A traditional leadoff hitter has the ability to get on base and possesses the speed and acumen to steal bases. In Desmond Jennings the Rays have that prototypical leadoff hitter. He was drafted by the Rays in the 10th round of the 2006 draft and first appeared on Baseball America's Top 100 Prospect list prior to 2008 season at #59. His stock fell to #80 prior to 2009, jumped up to #6 prior to 2010, and receded to #22 prior to 2011. He made his major league debut for the Rays on September 1, 2010 and was included on the Rays 2010 ALDS roster.
When Carl Crawford signed with the Red Sox following the 2010 season it was assumed that Jennings would take over in left field. This seemed to be the plan until the Rays signed Manny Ramirez and Johnny Damon prior to spring training. Damon was signed to be the everyday left fielder while Ramirez was slated to be the everyday DH. Of course this punched the ticket for Desmond Jennings to head back to Durham.
Jennings had a very good year in Durham posting a slash line of .275/.374/.456 covering 397 plate appearances, added 12 home runs, and stole 17 bases while only being caught 1 time. On July 23rd he was called up by the Rays and took his position in left field and atop the Rays lineup.
With the Rays in 2011 he had a slash line o f .259/.356/.449 covering 287 plate appearances, hit 10 HR, and stole 20 bases. When he joined the Rays their post-season hopes were fading quickly, the trade deadline was looming, and their was uncertainty as to who would remain with the team through the final two months of the season. Night after night throughout the remainder of July and August he dazzled fans with a combination of power, speed, and defensive ability that reminded many of another former Rays left fielder who had a similar dynamic skill set.
In September, whether from fatigue (previous high of plate appearances was 577), normal regression, or the league catching up to him, the game proved more difficult. He finished the month hitting only .160 which included a 0-29 stretch over the final 6 games of the season. The dramatics of Game 162 gave Jennings a chance to end the season on a more positive note and he took advantage of that chance by hitting .333 (5 for 15) which included 2 home runs and 3 walks and only 1 strikeout.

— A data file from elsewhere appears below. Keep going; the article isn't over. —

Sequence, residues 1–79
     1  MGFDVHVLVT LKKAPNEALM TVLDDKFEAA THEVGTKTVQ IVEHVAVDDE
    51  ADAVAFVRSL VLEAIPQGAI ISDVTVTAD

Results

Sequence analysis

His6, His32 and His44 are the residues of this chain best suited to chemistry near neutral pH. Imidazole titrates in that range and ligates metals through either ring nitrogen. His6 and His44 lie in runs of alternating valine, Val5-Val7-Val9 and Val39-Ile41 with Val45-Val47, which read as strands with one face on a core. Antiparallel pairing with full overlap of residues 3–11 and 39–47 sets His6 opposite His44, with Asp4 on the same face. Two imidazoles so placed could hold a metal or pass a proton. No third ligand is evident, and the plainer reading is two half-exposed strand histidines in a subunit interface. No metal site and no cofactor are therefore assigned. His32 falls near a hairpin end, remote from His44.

In 2011 Joe Maddon used a total of 8 different leadoff hitters prior to Jennings arrival. After his addition to the team Maddon placed Jennings in the leadoff spot in 61 of the Rays final 63 games (the other 2 starts given to Matt Joyce while Jennings rested). The addition of a productive Jennings to the top of the batting order helped the Rays increase their runs per game from 4.15 R/G before his arrival to 4.68 R/G after.
In 2012 Joe Maddon will have something he has lacked over his time in Tampa Bay and that is the prototypical leadoff hitter. Carl Crawford never wanted to be the leadoff hitter and B.J. Upton's ability to get on base at an adequate clip began to fade away following the 2008 season.
On an appearance on MLB Network Radio with Jim Memolo and Jeff Nelson Jennnigs said he is "the leadoff spot is where I feel most comfortable at, it's where I've been my whole minor league career and when I got called up last year."
Jennings has also added the element of power to his game and may be able to hit 20 HR while stealing upwards of 40 bases. He should provide plenty of opportunities for the middle of the order bats to drive him in and 100 runs scored should be an attainable goal. The big question for Joe Maddon is who bats 2nd behind Desmond Jennings?
Matt Joyce is a left handed bat who may have an opportunity to see more fastballs and hit with a large hole on the right side of the diamond. Batting Joyce second would also put separation between the left handed bats Joyce, Pena, and Scott that could short circuit the oppositions left handed matchups late in a game.
On September 5th Joe Maddon inserted B.J. Upton into the #2 hole and he remained there through the remainder of the season and responded by hitting .356/.462/.644 over 107 plate appearances,14 extra-base hits including 5 home runs, and stole 9 bases while only getting caught 3 times.
Ben Zobrist started 58 games in the #2 hole and was also very productive posting a slash line of .279/.396/.428 in 261 plate appearances, with 25 extra-base hits including 20 doubles, 3 triples, and 2 home runs. Since Ben Zobrist is a switch hitter Joe Maddon would be free to pencil in the Jennings/Zobrist duo without reservation.
A look at the Rays leadoff hitters who started 15 or more games from 2006-2011 are included after the jump.